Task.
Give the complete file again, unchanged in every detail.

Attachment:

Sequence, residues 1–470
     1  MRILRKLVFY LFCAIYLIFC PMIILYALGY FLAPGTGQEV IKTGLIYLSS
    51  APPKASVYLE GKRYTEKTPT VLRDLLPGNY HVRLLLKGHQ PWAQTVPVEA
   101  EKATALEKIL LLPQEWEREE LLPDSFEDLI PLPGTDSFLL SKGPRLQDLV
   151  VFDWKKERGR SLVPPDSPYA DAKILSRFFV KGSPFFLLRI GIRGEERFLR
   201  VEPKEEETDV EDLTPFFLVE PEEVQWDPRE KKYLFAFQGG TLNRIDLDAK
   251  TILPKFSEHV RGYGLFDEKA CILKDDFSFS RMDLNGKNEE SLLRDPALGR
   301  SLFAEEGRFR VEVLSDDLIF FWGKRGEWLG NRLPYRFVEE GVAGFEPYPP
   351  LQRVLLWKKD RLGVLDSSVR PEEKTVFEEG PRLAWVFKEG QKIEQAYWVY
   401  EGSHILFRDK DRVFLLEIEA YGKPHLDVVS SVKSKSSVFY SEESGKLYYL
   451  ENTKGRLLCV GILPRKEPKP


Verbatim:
Sequence, residues 1–470
     1  MRILRKLVFY LFCAIYLIFC PMIILYALGY FLAPGTGQEV IKTGLIYLSS
    51  APPKASVYLE GKRYTEKTPT VLRDLLPGNY HVRLLLKGHQ PWAQTVPVEA
   101  EKATALEKIL LLPQEWEREE LLPDSFEDLI PLPGTDSFLL SKGPRLQDLV
   151  VFDWKKERGR SLVPPDSPYA DAKILSRFFV KGSPFFLLRI GIRGEERFLR
   201  VEPKEEETDV EDLTPFFLVE PEEVQWDPRE KKYLFAFQGG TLNRIDLDAK
   251  TILPKFSEHV RGYGLFDEKA CILKDDFSFS RMDLNGKNEE SLLRDPALGR
   301  SLFAEEGRFR VEVLSDDLIF FWGKRGEWLG NRLPYRFVEE GVAGFEPYPP
   351  LQRVLLWKKD RLGVLDSSVR PEEKTVFEEG PRLAWVFKEG QKIEQAYWVY
   401  EGSHILFRDK DRVFLLEIEA YGKPHLDVVS SVKSKSSVFY SEESGKLYYL
   451  ENTKGRLLCV GILPRKEPKP